Everyone Should Learn a Little about Law
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Everyone Should Learn a Little about Law

While lawyers and judges are the ultimate legal experts, of course, I believe that every citizen should take the time to learn a little about law for several reasons. First, it is important to know your rights, and knowing them can come in handy if anyone ever accuses you of a crime you didn't commit or threatens you legally in another other way. Second, learning about your local, state, and federal laws can help you act as a better citizen. When election time comes around, you can then truly understand ever change in law being proposed by a candidate and whether it benefits society or not. I plan to share posts about law topics explained in plain English on my new blog, so you can come back often to sharpen your legal knowledge!


Everyone Should Learn a Little about Law

Dealing With Student Loan Debt That Persist After A Debtor Dies

Kaylee Wells

Student loans are the most persistent debts a person can have. Not only is the debt non-dischargeable in a bankruptcy, it may get passed onto family and friends if the original debtor dies while still owing money on the loan. Here's more information about this phenomenon and how you can use bankruptcy laws to deal with persistent student debt.

Trickle-Down Debt

The issue of inherited debt comes about when a person cosigns for a loan, making the individual as equally responsible for the money owed as the primary debtor. If the primary debtor stops paying on the loan, the lender typically goes after the cosigner for the balance due. Even if the debtor dies, the creditor will usually still attempt to collect money from the surviving cosigner.

While this can be upsetting for friends and family members left behind, it's legal for both the government and private institutions to hold cosigners responsible for lingering unpaid student loan debt. However, the federal government has changed its policy and now cancels the student loans it holds upon debtors'—or, in certain circumstances, the cosigners'––deaths.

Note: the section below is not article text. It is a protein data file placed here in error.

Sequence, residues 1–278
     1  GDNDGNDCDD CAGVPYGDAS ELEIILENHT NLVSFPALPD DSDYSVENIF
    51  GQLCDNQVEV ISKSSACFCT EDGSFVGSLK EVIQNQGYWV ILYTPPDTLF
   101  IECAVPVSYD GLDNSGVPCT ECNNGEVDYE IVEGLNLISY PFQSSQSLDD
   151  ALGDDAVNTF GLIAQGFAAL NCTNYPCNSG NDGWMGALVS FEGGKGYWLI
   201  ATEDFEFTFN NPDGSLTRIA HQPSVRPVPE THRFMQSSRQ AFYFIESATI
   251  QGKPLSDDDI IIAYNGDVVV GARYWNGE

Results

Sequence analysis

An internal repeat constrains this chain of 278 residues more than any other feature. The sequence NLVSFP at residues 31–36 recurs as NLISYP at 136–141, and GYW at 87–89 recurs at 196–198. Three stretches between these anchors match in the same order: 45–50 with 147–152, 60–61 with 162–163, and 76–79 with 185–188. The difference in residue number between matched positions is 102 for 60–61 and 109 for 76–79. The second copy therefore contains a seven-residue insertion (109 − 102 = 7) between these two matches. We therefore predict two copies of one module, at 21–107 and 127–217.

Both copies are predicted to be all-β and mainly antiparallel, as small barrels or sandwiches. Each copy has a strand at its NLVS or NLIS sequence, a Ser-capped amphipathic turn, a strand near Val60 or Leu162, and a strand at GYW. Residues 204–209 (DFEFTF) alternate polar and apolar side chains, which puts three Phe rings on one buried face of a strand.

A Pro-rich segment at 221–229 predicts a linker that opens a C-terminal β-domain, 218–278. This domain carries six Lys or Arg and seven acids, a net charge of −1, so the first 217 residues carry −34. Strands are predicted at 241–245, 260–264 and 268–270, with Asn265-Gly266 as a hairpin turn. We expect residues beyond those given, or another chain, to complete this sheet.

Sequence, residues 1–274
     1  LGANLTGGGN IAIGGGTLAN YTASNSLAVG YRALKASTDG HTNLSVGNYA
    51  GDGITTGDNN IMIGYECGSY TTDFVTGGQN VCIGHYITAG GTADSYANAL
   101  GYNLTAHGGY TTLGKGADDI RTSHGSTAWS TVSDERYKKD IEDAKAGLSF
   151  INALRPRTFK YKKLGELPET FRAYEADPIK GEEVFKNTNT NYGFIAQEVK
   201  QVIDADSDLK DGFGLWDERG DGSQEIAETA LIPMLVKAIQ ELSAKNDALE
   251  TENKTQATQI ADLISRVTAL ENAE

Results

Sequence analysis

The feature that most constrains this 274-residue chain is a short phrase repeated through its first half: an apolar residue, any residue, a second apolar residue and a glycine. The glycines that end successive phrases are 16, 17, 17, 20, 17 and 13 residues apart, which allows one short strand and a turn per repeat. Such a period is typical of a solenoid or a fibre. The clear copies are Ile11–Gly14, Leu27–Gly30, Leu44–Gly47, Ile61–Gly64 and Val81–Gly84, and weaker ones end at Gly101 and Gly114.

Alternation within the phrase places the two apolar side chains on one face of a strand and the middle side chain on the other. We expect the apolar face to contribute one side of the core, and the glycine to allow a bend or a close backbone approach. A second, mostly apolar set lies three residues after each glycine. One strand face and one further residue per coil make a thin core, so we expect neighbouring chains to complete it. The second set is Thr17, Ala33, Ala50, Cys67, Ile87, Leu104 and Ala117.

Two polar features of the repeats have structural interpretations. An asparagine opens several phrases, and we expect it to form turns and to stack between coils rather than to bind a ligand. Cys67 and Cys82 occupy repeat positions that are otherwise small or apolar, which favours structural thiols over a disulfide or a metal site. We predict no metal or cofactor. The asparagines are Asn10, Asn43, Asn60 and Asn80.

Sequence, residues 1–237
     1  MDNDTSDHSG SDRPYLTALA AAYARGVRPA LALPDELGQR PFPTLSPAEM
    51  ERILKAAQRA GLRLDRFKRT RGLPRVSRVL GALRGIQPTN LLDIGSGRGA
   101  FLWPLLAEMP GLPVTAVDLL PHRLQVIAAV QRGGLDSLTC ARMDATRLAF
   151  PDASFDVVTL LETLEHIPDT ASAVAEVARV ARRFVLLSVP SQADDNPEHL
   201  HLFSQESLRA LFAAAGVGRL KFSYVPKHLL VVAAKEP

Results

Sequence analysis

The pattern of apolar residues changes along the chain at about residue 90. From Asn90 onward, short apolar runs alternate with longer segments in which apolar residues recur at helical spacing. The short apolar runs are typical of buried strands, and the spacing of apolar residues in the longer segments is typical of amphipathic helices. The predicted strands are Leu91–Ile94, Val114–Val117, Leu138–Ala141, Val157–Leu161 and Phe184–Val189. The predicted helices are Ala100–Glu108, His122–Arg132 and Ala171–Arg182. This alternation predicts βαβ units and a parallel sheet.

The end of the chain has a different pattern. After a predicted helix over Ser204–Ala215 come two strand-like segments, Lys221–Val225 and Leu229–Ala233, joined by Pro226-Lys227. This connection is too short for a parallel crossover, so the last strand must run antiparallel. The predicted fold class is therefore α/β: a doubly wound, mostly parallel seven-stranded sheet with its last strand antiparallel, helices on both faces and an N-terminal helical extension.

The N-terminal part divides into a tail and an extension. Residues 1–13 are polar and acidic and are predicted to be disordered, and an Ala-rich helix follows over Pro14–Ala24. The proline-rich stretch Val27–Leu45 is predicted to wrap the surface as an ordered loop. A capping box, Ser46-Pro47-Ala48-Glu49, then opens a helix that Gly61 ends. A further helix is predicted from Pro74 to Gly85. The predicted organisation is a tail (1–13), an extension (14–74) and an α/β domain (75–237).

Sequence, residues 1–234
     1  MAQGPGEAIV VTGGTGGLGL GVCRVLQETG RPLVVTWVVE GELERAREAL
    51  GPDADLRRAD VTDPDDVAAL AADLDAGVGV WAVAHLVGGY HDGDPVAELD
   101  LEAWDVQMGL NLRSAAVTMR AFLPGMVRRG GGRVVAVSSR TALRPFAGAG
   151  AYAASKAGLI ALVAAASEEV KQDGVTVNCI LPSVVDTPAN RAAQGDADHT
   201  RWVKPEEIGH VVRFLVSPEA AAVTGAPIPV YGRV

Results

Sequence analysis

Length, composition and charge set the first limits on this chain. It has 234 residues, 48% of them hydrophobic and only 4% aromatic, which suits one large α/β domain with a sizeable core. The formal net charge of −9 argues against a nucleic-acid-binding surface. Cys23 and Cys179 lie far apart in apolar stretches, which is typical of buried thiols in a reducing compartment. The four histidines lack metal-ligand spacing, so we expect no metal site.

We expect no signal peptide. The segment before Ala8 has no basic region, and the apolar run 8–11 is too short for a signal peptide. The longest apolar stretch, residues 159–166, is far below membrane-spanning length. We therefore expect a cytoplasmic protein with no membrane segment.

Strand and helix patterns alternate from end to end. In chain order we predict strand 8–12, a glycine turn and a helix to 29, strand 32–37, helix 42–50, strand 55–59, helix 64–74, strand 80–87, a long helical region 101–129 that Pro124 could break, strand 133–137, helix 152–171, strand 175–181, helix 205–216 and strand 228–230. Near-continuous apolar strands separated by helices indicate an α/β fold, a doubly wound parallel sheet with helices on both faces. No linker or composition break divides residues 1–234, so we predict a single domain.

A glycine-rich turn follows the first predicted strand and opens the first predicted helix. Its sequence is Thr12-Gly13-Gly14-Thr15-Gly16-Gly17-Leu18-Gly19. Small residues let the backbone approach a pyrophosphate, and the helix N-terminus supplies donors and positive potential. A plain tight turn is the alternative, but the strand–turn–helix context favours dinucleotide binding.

Unfortunately, very few private lenders have death and disability clauses that dictate how the loans will be handled should the debtor become severely incapacitated or die. In most cases, either the creditor's policy is unclear or doesn't exist at all. One family learned this the hard way.

When their son died, the parents found that his student loan lender didn't have a clear policy about how to handle the $50,000 he still owed. The bank automatically placed the burden of the debt onto the cosigner on the loan, the young man's father. At first the bank refused to forgive the loan despite requests by the family to do so. It wasn't until after the issue gained national media attention that the bank finally discharged the debt.

The family is now working to get a law on the books that would force private lenders to cancel the loans of debtors who die or become too incapacitated to repay the money. The petition is still making its way through the legislative process.

Stopping Student Loans from Rising Again

As noted previously, it's very difficult to get student loan debt to go away. The only silver bullet that works is to pay it off completely, which can quickly become an unreasonable expectation when the person who took out the loans dies or falls into a coma. You can petition the lender to cancel the loan. The success of this tactic, though, will often depend on the creditor's good will if the company doesn't already have an existing policy in place that covers your particular situation.

However, you may be able to use bankruptcy laws to wipe out student loan debt or at least make repayment easier. As noted previously, student loans generally are not dischargeable through bankruptcy. In certain circumstances, though, the court will wipe out the loans if you can prove repaying them will cause you undue hardship.

The court will look at several factors when determining if you qualify for a hardship exemption:

  • Income: The court will look at your income and assets and determine if repaying the loan will prevent you from maintaining a minimum standard of living for yourself and/or dependents.
  • Persistence: The court will also look at your circumstances to see if your financial situation will likely continue for most or all of the repayment period. For example, if you're disabled and unable to work, then the court may find that your situation will persist and make it exceedingly difficult for you to repay the loan.
  • Good faith: This can be tricky because the court may require you to make an effort to repay the loan before considering discharging the debt. It may or may not take the payments made by the primary debtor into consideration.

Most courts will take an all or nothing approach to their decision. Either you will qualify for the exemption or you won't. If you don't qualify, you can still use chapter 13 bankruptcy to reduce the monthly payments you have to make to lenders, which may make it easier to repay the money owed.

Be aware that bankruptcy will only wipe out your obligation to repay the money. If the primary debtor is merely incapacitated, he or she will still owe the money unless you take steps to clear the individual's responsibility for the debt, such as filing for bankruptcy on the person's behalf.

Pursuing a hardship exemption involves some complex legal maneuvering. It's a good idea to contact a bankruptcy attorney who can help you navigate the system to achieve the outcome you want.